A Close Shave: Recent Conjunction Illustrates Growing Collision Risk in Low Earth Orbit

LeoLabs Australia

On February 28, satellite operators and space safety experts breathed a collective sigh of relief. Once again, disaster was averted; but it was close.

At around 06:30 UTC, space situational awareness company LeoLabs, observed a conjunction at 608 kilometers between two non-maneuverable spacecraft: a derelict Russian satellite and an operational NASA satellite. The miss distance was less than 20 meters. (That’s about the size of a cricket pitch!)

There are several reasons why this event is significant — and concerning.

Figure SE1 Figure\* ARABIC 1: Leolabs' conjuction 3D visualization illustrates the close conjuction between the non-maneuverable satellites.

Very High Probability of Collision and Small Miss Distance

This is only the seventh time in two years that two intact, non-maneuverable objects had a conjunction of less than 20 meters. The small miss distance, with a combined hard body radius (CHBR) of ~11 meters, resulted in a probability of collision (PC) of 3.4%. This was the third largest PC value registered by LeoLabs since 1 January 2022 in LEO.

The small miss distance, especially in the radial direction, was concerning. This is the most important component of miss distance since two objects cannot collide if they are not at the same altitude.

Figure SEQ Figure \* ARABIC 2: The two spacecraft have comparable maximum "wingspans" of around 12m, but Cosmos 2221 is more substantial in all directions. The four large bottom panels on Cosmos 2221 are antennas used in its ELINT mission.

Satellites Had a Large Combined Mass

The combined mass of both satellites involved in the conjunction was around 2,550 kilograms. Why does mass matter? For every conjunction LeoLabs observes in LEO, the company compiles the risk using the following equation: risk = PC x mass involved. “Mass involved” serves as a surrogate for consequence as it is proportional to the number of fragments that would be produced if the two objects were to collide. LeoLabs’ analysis found that this event is tied for the second riskiest event in LEO over the last 26 months in large part due to the combined mass.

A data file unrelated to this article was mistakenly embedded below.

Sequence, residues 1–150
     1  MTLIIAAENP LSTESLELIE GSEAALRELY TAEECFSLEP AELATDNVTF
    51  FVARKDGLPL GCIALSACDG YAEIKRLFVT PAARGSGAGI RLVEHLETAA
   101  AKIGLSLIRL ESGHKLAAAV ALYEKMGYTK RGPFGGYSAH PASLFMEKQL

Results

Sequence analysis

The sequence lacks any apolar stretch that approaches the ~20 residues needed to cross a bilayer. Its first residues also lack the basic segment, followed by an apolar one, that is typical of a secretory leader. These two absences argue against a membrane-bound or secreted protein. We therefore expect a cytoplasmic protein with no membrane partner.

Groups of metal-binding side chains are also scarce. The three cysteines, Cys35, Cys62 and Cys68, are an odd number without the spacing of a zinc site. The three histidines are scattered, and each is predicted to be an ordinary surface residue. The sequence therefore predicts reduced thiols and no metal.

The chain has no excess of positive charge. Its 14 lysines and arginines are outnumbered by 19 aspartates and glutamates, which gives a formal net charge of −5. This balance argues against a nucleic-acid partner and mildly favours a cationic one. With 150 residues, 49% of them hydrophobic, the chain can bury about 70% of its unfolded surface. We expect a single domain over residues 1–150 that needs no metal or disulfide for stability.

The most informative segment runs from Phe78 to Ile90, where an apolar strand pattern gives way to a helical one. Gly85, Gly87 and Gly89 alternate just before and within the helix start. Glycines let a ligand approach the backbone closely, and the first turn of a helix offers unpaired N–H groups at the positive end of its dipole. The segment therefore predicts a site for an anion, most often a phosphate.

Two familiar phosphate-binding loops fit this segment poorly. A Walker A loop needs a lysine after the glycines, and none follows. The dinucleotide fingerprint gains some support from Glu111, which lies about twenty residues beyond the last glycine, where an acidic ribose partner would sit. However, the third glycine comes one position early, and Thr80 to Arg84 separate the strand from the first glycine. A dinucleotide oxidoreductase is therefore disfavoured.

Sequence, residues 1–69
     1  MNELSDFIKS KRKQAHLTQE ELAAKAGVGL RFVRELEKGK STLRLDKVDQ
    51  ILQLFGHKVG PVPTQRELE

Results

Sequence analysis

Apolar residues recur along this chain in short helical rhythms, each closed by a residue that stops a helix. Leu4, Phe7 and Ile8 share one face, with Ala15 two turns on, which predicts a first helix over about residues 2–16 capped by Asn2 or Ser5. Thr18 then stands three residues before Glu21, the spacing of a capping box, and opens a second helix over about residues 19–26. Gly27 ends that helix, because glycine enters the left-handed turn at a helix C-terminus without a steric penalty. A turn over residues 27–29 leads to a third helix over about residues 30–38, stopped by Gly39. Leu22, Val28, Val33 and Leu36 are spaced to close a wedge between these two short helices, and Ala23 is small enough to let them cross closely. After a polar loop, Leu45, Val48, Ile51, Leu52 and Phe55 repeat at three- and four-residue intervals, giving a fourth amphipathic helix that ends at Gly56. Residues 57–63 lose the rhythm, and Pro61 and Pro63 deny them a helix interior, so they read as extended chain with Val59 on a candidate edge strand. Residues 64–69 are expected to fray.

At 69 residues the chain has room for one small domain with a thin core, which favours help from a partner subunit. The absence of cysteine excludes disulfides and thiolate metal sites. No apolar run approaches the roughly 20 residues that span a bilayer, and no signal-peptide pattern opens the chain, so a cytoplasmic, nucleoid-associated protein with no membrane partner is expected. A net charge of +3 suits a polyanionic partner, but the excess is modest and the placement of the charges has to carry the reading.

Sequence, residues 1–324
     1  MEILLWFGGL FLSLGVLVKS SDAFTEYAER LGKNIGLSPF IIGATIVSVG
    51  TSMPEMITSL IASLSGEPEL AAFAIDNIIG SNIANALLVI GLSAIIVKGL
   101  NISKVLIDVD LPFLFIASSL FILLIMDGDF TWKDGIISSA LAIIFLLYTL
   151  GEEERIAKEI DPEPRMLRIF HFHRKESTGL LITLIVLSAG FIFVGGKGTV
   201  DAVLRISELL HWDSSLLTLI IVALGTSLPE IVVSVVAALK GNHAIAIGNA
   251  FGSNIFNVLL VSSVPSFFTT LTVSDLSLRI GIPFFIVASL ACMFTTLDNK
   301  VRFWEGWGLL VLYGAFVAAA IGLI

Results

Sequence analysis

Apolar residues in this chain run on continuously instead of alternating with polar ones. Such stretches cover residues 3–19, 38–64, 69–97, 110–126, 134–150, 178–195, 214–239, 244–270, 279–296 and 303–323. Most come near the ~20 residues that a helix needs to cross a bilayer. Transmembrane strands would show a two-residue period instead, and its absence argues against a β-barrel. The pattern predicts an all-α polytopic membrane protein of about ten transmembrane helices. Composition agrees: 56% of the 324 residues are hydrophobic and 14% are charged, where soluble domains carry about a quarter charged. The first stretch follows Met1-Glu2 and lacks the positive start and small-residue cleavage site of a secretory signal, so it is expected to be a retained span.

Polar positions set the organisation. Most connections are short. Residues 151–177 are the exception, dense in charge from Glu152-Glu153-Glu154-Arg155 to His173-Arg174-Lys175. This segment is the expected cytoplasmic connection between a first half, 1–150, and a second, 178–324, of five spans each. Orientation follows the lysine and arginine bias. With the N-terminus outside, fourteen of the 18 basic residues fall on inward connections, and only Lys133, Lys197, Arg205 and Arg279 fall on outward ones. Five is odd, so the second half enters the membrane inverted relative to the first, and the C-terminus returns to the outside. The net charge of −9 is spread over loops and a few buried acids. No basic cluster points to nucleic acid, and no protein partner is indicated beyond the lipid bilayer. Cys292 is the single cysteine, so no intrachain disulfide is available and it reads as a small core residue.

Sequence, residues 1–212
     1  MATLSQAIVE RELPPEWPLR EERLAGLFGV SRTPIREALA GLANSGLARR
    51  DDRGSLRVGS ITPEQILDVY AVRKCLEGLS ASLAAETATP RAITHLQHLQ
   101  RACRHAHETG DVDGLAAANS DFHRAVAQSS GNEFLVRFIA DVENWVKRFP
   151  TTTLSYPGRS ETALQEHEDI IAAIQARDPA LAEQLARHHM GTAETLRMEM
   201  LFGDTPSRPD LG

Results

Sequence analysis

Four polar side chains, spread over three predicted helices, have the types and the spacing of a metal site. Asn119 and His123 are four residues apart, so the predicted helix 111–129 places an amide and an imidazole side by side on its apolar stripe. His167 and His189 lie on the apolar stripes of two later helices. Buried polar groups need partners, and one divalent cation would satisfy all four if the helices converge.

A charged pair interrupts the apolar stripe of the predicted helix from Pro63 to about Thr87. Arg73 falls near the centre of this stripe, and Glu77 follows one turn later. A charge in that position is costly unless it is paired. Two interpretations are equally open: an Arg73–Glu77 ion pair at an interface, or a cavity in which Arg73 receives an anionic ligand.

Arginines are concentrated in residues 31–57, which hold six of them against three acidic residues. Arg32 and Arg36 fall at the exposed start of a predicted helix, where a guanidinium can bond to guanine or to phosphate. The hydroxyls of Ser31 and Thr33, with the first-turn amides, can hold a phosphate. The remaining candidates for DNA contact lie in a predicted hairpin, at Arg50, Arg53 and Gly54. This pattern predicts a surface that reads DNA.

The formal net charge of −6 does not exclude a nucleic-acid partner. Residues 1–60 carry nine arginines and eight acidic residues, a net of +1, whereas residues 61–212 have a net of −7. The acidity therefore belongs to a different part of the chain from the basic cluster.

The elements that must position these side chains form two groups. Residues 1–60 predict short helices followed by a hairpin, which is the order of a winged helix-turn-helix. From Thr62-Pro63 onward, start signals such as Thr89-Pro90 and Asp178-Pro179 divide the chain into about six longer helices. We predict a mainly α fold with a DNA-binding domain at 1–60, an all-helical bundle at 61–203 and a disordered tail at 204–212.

Collision Could’ve Added 50% More Debris in LEO

The resulting debris of a collision between these two objects, COSMOS 2221 and TIMED, would've created an increased collision risk on a large portion of LEO but especially on nearby lower orbits used by large constellations and human spaceflight.

Our analysis indicates that a collision would've resulted in ~2,000 to 7,500 cataloged fragments. This number is derived from analyzing the total mass, spacecraft construction, relative velocity, and encounter geometry. There are nearly 12,000 fragments in LEO as of 15 February. This one incident could've added 50% more debris.

The relative velocity of this event was around 14 km/s — that’s incredibly fast and is well above the six km/s threshold for a hypervelocity event. Hypervelocity events would most likely result in significant fragmentation of an object, even if it was merely “clipped” by another object.

If the two objects involved in this conjunction would’ve hit center-of-mass on center-of-mass, it could’ve created up to three times the objects’ combined mass (i.e., ~7,500 fragments). However, this was highly unlikely. The most likely event was that one of the object's solar arrays would’ve clipped the other object’s main body. In that case, one object would've been destroyed and the other damaged. (For example, if TIMED clipped COSMOS 2221, the total fragment count could've been ~2,500.)

How Can Dangerous Collisions Be Prevented?

First, this event illustrates the need for collision avoidance which requires frequent, high-quality measurements on all objects and activities in LEO. Commercial sensors, like LeoLabs’ global phased array radar network, are increasingly providing those measurements reliably and continuously. LeoLabs’ radars are linked through a computational engine that runs on cloud services. The company’s sites in Australia and New Zealand fill a historical coverage gap in the Southern Hemisphere critical to maintaining a 24/7, comprehensive view of LEO. This additional coverage has lowered the time between observations for objects and enabled greater data reliability, accuracy, and timeliness. Within minutes, data is collected from its sites and delivered as conjunction alerts to satellite operators using LeoSafe, LeoLabs’ collision avoidance service.

Second, this event illustrates the importance of advances in debris mitigation and debris remediation to combat the growing risk from derelict objects in LEO. LeoLabs, along with the Secure World Foundation, recently spearheaded a joint statement outlining the critical need to urgently remediate the massive derelict objects in LEO that pose the greatest debris-generating potential. Active debris removal (ADR) missions, like Astroscale’s ADRAS-J launched on 20 February 2024, are promising steps in the right direction.

A single collision in LEO could impact thousands of other satellites for decades. That’s why we must continue to work collaboratively and strategically to ensure this domain remains safe and secure for generations to come.

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